Thick-skinned policies

Dozens of families displaced from Gujarat villages in the vicinity of the Sardar Sarovar dam years back have returned to their original homes and refused to move back. What further evidence do the authorities want?

By Ashish Kothari
Published: Friday 31 July 1992

NOTHING seems to move them, the planners of misery and destruction in the Narmada Valley. Not entreaties, not scientific arguments, not reason, not 23-day hunger fasts, not 40,000-strong demonstrations, not even the possibility of entire communities drowning in their refusal to move out of their ancestral lands when the reservoir waters rise.

Smug as they are in their beliefs, their power, and the knowledge that there will always be self-proclaimed benefactors like the World Bank to bail them out, our governments continue to construct the Sardar Sarovar dam. They must be aware that they are hurtling the Narmada Valley towards a conflict situation which could turn violent.

The evidence of Sardar Sarovar's non-viability is detailed and complex. Cost escalation from Rs 6,000 crore to Rs 13,000 crore and the uncertainty of where this money is to come from, except by squeezing the other sectors of the Gujarat economy, has put the financial viability of the dam into serious doubt. But more serious is the social disruption, including the displacement of 100,000 people from the submergence zone.

On paper, the rehabilitation policy of Gujarat is among the best in India. But after years, the state governments have not been able to show adequate land to make this policy feasible for all oustees. Reports of the official monitoring agencies point out serious deficiencies in the ongoing rehabilitation efforts, especially in Maharashtra and Madhya Pradesh. What better comment on this than the fact that dozens of families, displaced from Gujarat villages years back, have returned to their original homes and refused to move back?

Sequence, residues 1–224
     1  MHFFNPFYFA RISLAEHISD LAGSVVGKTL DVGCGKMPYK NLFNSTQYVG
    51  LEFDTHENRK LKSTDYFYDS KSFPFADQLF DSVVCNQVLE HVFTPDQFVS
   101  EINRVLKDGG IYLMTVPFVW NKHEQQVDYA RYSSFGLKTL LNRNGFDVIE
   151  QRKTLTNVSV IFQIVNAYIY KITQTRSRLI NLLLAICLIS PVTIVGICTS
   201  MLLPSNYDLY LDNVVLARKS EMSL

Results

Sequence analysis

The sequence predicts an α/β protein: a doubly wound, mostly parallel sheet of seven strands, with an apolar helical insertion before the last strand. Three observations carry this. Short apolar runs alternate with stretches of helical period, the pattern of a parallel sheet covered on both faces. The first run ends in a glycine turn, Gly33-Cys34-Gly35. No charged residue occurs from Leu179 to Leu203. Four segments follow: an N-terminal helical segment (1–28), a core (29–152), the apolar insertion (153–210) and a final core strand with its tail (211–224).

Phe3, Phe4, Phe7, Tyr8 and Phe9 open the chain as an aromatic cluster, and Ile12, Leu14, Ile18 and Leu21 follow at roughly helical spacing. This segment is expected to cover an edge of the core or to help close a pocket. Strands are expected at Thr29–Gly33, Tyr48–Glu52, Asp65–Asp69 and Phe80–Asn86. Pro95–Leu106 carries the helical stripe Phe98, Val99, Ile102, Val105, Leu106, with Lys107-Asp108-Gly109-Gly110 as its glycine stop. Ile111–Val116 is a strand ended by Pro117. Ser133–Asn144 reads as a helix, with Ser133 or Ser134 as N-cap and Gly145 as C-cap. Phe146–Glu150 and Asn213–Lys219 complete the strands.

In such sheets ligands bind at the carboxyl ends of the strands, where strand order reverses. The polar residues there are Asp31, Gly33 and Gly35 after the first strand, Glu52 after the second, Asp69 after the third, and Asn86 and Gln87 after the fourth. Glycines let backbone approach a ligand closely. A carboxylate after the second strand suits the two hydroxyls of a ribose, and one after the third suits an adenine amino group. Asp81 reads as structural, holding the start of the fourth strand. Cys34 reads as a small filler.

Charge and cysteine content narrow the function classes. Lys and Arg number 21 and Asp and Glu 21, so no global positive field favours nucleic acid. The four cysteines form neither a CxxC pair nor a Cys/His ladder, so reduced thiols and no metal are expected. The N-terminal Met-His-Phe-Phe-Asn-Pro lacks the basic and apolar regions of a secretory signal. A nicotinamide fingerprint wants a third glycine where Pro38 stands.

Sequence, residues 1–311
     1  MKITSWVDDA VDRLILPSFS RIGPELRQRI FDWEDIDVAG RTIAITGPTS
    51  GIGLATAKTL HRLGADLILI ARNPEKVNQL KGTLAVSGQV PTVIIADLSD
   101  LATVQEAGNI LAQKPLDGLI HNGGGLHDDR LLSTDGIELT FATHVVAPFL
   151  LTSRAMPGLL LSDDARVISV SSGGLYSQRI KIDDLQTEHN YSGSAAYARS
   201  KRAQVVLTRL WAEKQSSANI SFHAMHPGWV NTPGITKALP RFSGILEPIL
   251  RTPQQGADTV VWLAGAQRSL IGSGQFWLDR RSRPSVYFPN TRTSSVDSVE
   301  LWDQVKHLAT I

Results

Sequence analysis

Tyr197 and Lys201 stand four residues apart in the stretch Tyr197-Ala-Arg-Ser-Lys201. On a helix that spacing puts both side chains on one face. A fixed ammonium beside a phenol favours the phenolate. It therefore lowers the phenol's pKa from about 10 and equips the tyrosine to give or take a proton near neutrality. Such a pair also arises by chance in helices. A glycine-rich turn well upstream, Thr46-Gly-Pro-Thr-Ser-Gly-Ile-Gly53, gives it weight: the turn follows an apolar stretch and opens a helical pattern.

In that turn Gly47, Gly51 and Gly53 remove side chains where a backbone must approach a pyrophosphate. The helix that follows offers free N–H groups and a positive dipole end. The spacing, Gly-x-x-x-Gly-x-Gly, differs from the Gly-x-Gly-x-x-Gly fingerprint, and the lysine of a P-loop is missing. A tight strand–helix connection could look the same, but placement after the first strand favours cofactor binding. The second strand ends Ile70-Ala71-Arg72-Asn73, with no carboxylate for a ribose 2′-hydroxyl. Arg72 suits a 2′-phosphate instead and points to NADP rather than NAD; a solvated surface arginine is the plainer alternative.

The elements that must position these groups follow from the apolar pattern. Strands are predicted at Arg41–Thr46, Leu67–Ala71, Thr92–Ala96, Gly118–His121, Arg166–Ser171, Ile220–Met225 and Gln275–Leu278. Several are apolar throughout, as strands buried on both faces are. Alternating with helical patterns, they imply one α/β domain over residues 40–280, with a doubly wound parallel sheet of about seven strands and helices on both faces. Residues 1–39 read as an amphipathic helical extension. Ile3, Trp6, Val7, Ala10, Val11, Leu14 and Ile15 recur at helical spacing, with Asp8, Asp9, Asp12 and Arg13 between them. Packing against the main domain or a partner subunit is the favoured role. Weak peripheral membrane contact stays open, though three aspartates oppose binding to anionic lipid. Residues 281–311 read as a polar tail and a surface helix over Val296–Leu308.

Sacrificing the interests of a few thousand people to reach benefits to "millions" is justified by the project authorities as "having to break eggs to make omelettes". But why is it always the poor and the weak who constitute the eggs, while the omelette is gobbled up by the rich? Who will the project benefit? Powerful large farmers in central Gujarat, industrialists and middle-class urban dwellers who are promised electricity, politicians who gain votes and contractors like Jaiprakash Associates.

---Ashish Kothari is an associate at the Indian Institute of Public Affairs and an active member of the Narmada Bachao Andolan.

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